· 151 years old (opened in 1856) so that Uruguay would have a permanent theater

· 1998-2004 closed for most recent refurbishing

· 1250 person capacity with floor and box seating (5th floor box seating called “Paradise”)

· Ceiling of performance hall: painted on canvas (looks exactly like plaster sculpture!), 11 masks for 11 emotions, 11 names of writers and composers

· 3 chandeliers (big, medium, and small, in 3 different parts of the theater): made from 5k crystal in a factory in England that was bombed in WWII

· Horseshoe shape inspired from Italian Theater

· Stage/Platform directly in front of the stage that can be moved to 3 different positions: flush with the floor seating to add more seats, raised to the stage level to extend the stage, and lowered for a pit orchestra

· Backstage: 7 catwalks, 6 dressing rooms, state of the art sound and light system

Performances I’ve attended so far this semester (in the TS):

· Classical Guitarist

· Brazilian Rocker

· Argentine Ballet

o Performance of “Carmen” and several other numbers

o Big Band music with swing dance influenced dancing

o Final number was a Tango influenced ballet

o Really fun to see the influence of other styles of dance in the ballets

Saturday, April 19, 2008

Oh, to actually be famous...

This afternoon we went out and braved the smoke for a quick game of Frisbee golf. Ken had a few discs sent down in the mail and we thought we’d put them to good use. So, we walked to the park close by and played a “pick-up game,” where we just took turns pointing out the next tree or light pole that we would hit. To top it all off, there was a Nacional soccer game going on in the stadium located in the park where we were playing. Now, if you remember my soccer game entry and all the rabid fans, well, we could hear the deafening cheers across the park. It was so cool to step up to the “tee box” to the sound of cheers, screams, and fireworks. I knew that the crowd was loud, but not that loud. We discussed what if would be like to actually be at the center of the attention like that and perform to cheers and applause like that. We also thought that we could be running away from lions in the Roman coliseum, but it’s always a better dream to think about being victorious to the sound of a riotous crowd…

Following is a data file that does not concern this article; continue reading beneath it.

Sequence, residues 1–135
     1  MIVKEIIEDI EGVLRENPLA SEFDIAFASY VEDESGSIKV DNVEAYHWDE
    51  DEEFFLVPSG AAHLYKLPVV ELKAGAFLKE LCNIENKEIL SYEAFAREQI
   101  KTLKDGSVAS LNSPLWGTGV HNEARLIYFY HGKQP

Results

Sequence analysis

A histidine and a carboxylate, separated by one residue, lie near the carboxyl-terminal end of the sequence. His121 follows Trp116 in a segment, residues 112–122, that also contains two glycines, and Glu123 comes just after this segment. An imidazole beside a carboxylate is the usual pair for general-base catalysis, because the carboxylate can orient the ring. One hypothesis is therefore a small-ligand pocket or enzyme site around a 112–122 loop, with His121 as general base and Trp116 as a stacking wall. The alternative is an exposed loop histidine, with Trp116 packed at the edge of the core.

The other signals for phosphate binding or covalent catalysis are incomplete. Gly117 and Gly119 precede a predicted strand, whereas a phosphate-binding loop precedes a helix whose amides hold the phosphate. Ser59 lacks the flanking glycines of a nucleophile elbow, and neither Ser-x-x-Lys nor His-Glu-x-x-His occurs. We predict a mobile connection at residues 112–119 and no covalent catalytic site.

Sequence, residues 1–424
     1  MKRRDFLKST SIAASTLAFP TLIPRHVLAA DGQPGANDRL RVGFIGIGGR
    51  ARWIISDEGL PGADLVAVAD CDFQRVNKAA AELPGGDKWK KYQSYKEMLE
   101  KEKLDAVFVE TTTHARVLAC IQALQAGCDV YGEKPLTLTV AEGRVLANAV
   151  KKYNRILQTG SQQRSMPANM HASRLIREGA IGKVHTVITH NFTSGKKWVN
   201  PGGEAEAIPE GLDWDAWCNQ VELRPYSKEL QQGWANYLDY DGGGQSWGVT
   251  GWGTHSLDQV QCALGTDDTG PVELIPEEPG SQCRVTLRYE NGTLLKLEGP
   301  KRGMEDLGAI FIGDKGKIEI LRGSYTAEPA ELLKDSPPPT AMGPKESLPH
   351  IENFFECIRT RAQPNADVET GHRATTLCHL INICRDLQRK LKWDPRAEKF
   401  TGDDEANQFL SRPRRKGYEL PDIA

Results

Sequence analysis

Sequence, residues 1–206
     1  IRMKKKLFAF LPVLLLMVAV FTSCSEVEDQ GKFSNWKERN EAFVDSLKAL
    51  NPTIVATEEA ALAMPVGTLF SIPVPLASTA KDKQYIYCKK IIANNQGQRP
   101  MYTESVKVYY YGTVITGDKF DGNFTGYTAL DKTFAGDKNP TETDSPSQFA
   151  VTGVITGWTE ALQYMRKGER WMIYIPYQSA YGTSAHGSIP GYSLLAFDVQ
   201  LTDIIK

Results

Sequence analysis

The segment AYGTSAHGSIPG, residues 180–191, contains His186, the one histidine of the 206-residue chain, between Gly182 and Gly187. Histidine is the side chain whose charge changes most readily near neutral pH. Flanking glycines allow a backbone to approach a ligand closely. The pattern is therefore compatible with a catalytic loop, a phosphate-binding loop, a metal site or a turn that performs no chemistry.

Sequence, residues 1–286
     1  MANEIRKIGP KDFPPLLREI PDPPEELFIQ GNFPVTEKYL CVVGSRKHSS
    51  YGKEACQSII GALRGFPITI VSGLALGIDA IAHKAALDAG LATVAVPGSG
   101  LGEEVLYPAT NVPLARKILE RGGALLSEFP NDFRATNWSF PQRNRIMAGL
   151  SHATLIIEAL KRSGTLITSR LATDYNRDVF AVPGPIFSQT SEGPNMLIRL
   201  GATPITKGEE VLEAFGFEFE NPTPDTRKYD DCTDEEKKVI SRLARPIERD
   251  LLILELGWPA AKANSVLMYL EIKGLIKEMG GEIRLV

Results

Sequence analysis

No, humo isn't short for humor or humorous. There's nothing funny about it actually. Humo means smoke in Spanish and I can't seem to escape it. Smoking cigarettes is very popular here in Uruguay and you can't walk down the streets without breathing someone's second hand cloud. Now, the sky has become hazy with smoke blowing in from Argentina. We spent what seemed like a solid month breathing smoke from forest fires back in Kalispell and it felt like such a relief when I got away from it. Except, you can't escape it: my eyes are itching again and I have to take my allergy medicine to combat it. The interesting thing about the fire is that it is coming from a forest blaze started by a group of farmers as a way of protesting something I don't really understand. But the fire has grown out of control and is now supposedly the biggest that Argentina has ever had. Lot's of forest and farmland is being burned, but hopefully no property or loss of life will occur because of a silly protest.